The Ohio State-Michigan rivalry runs so deep that it now delves into philosophy—something college football fans and even Michigan and Ohio online sports bettors should recognize.

Comments from Buckeyes coach Ryan Day and Wolverines coach Jim Harbaugh last week show that the programs seem to inhabit different solar systems when it comes to the subject of Name, Image and Likeness in roster-building.

Day, who is usually recruiting players, was instead recruiting members of the Columbus business community last Thursday. He placed some of the burden on them to keep Ohio State’s program humming.

Day estimated that the total cost to stave off potential roster poachers will probably come to $13 million per season. He was quoted in a Cleveland.com story as saying quarterbacks will demand $2 million per year in NIL compensation, while the market for edge rushers and offensive tackles will be about $1 million.

“One phone call, and they’re out the door,” Day told an audience being pitched to take part in Ohio State’s NIL collective. “We cannot let that happen at Ohio State. I’m not trying to sound the alarm, I’m just trying to be transparent about what we’re dealing with.”

There’s plenty of evidence already on the table. Biletnikoff Award-winning receiver Jordan Addison’s departure from Pitt to USC set off all kinds of sketchy alarm bells. If the NCAA is unable to police roster poaching, the issue will only grow deeper.

At The School Up North, Harbaugh delivered a decidedly different take on the subject.

On the same day that Day was speaking to Columbus business leaders, Harbaugh was at a football camp at Ferris State.

“Right or wrong, our philosophy is coming to the University of Michigan is going to be a transformational experience rather than a transactional experience,” Harbaugh said.

The timing here is everything.

Read More

There is big news coming to the upcoming 2022-23 Big Ten football season (and NFL season). Ohio online sports betting will be officially launching on January 1, 2023. Ohio will join other Big Ten states where sports betting has become legalized such as Pennsylvania, Michigan, Illinois and more.

Harbaugh wasn’t responding to Day. He was voicing his own opinion at virtually the same time. And his answer revealed an interesting existential difference between the coaches.

Ryan Day: Realism with a flaw

From an Ohio State perspective, Harbaugh’s comment surely comes across as typical Michigan Man snobbery. It probably also comes as a great delight. Day seems to be laying the groundwork for another decade of dominance over his biggest rival.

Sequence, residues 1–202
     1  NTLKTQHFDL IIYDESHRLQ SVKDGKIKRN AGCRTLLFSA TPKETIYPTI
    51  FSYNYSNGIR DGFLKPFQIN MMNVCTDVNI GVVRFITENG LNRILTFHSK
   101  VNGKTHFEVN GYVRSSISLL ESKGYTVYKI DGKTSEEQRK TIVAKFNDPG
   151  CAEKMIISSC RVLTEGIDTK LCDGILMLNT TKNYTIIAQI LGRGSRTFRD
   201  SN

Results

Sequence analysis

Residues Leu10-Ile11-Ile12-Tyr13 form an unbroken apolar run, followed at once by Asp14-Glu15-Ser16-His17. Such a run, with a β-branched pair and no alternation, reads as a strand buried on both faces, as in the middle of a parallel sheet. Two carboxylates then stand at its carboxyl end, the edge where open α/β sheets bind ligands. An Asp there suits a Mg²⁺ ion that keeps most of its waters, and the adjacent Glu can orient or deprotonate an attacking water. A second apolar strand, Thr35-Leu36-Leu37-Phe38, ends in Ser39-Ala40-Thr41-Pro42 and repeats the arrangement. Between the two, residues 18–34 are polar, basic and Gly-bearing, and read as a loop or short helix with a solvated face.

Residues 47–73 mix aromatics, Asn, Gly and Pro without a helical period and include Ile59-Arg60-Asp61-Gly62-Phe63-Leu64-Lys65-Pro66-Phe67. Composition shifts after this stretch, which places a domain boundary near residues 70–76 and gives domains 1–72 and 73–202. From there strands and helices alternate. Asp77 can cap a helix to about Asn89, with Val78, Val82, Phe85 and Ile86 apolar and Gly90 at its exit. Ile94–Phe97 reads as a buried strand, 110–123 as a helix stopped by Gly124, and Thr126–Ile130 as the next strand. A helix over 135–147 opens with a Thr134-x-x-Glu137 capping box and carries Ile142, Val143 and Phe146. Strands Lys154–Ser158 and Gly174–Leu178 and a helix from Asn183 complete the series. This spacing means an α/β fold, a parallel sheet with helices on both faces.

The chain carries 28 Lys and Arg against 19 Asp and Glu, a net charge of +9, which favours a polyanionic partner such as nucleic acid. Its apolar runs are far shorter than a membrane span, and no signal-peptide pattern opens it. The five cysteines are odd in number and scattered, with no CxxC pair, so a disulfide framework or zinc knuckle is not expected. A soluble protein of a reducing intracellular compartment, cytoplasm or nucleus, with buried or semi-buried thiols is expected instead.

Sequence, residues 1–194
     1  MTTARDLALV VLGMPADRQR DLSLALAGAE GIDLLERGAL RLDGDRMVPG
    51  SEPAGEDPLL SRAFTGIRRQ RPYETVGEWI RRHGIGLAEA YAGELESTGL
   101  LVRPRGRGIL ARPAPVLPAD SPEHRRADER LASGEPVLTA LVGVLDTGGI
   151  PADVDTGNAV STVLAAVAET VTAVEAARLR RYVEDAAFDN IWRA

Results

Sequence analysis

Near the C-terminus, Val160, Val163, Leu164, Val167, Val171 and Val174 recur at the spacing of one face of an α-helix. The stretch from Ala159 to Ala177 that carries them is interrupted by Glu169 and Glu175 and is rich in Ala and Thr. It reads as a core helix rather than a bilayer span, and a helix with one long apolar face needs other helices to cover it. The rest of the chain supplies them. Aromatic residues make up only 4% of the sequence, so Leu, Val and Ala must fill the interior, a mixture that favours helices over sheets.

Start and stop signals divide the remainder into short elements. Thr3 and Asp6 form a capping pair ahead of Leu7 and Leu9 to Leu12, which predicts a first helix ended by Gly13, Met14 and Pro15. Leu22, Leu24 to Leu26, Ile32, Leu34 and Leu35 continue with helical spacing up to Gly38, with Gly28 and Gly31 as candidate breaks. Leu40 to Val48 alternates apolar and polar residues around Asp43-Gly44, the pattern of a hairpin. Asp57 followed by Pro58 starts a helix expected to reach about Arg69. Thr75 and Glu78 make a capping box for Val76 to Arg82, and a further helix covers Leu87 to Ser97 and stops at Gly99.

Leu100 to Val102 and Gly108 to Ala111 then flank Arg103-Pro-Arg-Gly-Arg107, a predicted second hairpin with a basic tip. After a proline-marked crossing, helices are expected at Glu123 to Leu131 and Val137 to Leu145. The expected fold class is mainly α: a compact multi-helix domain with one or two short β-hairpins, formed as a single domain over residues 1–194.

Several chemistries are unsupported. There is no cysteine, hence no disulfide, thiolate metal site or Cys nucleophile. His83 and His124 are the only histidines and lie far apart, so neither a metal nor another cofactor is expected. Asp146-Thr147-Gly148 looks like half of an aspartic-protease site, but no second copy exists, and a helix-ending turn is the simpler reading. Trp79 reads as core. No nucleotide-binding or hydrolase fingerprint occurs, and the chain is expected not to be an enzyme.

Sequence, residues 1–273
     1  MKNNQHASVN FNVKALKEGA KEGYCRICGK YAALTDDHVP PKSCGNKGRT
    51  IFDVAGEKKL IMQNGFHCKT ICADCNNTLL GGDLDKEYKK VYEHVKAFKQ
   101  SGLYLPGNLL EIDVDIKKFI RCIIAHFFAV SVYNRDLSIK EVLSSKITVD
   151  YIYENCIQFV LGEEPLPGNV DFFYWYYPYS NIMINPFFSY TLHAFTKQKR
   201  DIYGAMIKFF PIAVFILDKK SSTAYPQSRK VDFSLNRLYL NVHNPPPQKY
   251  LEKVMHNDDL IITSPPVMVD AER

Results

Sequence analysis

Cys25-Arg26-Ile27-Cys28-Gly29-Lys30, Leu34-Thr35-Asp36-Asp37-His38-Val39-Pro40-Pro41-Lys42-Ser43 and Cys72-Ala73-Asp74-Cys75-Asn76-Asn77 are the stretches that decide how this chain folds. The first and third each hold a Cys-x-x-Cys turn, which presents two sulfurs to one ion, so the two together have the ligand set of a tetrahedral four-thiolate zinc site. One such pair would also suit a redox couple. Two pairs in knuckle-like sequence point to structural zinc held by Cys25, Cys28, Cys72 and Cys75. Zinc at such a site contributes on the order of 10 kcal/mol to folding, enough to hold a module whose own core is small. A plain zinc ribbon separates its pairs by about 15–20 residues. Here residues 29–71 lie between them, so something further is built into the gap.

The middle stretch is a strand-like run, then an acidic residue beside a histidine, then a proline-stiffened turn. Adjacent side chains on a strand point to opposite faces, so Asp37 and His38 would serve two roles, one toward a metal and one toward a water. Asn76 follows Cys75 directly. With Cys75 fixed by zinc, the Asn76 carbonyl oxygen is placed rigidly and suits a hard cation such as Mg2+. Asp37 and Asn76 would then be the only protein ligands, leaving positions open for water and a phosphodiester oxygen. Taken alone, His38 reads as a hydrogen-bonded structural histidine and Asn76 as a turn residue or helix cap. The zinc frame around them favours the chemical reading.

This is a case of realism vs. idealism. And Ryan Day is keepin’ it real.

But as Ohio native Dave Chappelle so aptly reminded us, keepin’ it real can go wrong. And Day’s estimate of the cost of doing business in college football is concerning.

The problem isn’t players getting paid. The issue is how long the pipeline can keep running before the well runs dry.

Pro sports teams can afford exorbitant salaries because they’re the ones profiting off players’ services. Those salaries are rewards for keeping the money churning in to owners.

NIL deals have no such financial guarantee for the party paying the money.

Applebee’s isn’t making money off an NIL deal with a player who endorses Bourbon Street Steak. Unless, of course, it wins the bet that thousands of fans will order the same thing because their favorite player did. (Why Applebee’s? Because it’s a real example of an NIL deal that’s happened.)

At some point, you’d assume NIL donors would start wondering what it is they are getting out of these investments. Though perhaps if they are rich enough, it will work out the same as traditional boosters over the decades. This will all be disposable income in pursuit of wins.

Jim Harbaugh: Principled, but endangered

From a Michigan perspective, Harbaugh’s comments are an example of what separates the Wolverines from the unprincipled meatheads to their south.

“At Michigan, we never have to lower ourselves to Ohio State’s level,” someone with patches on their sport coat will note.

But they are going to find that philosophy isn’t sustainable. The big boys are already playing in the mud. If you want to stay a big boy, you’ll be forced to enter the pit.

The University of Chicago figured this out decades ago. A founding Big Ten member, Chicago dropped out in the 1940s when college sports got too uncouth.

There’s no chance Michigan gets that high-minded about the enterprise. The Wolverines will need to adapt.

Harbaugh certainly doesn’t seem to be there yet. He emphasized that he’s ardently pro-NIL, noting that players should have been able to cash in on jersey sales long ago. But he is quite obviously not on board with using NIL as a recruiting tactic.

“I hear a lot about it. It’s talked a lot about,” Harbaugh said. “I just don’t know how much is real, accurate, it’s like — is it accurate or not, or a fish-tale story?”

Ideally, Harbaugh’s vision of a world where NIL is used strictly as a reward for what players have already done instead of an inducement would mesh with reality. But it’s clear the NCAA has already lost the ability to control the room.

Attending Michigan will still be a privilege. But if he isn’t as prepared to adapt as Day, he’ll quickly learn these aren’t fish stories.

Day will be reeling in the muskies, and Harbaugh will be stuck with bluegills.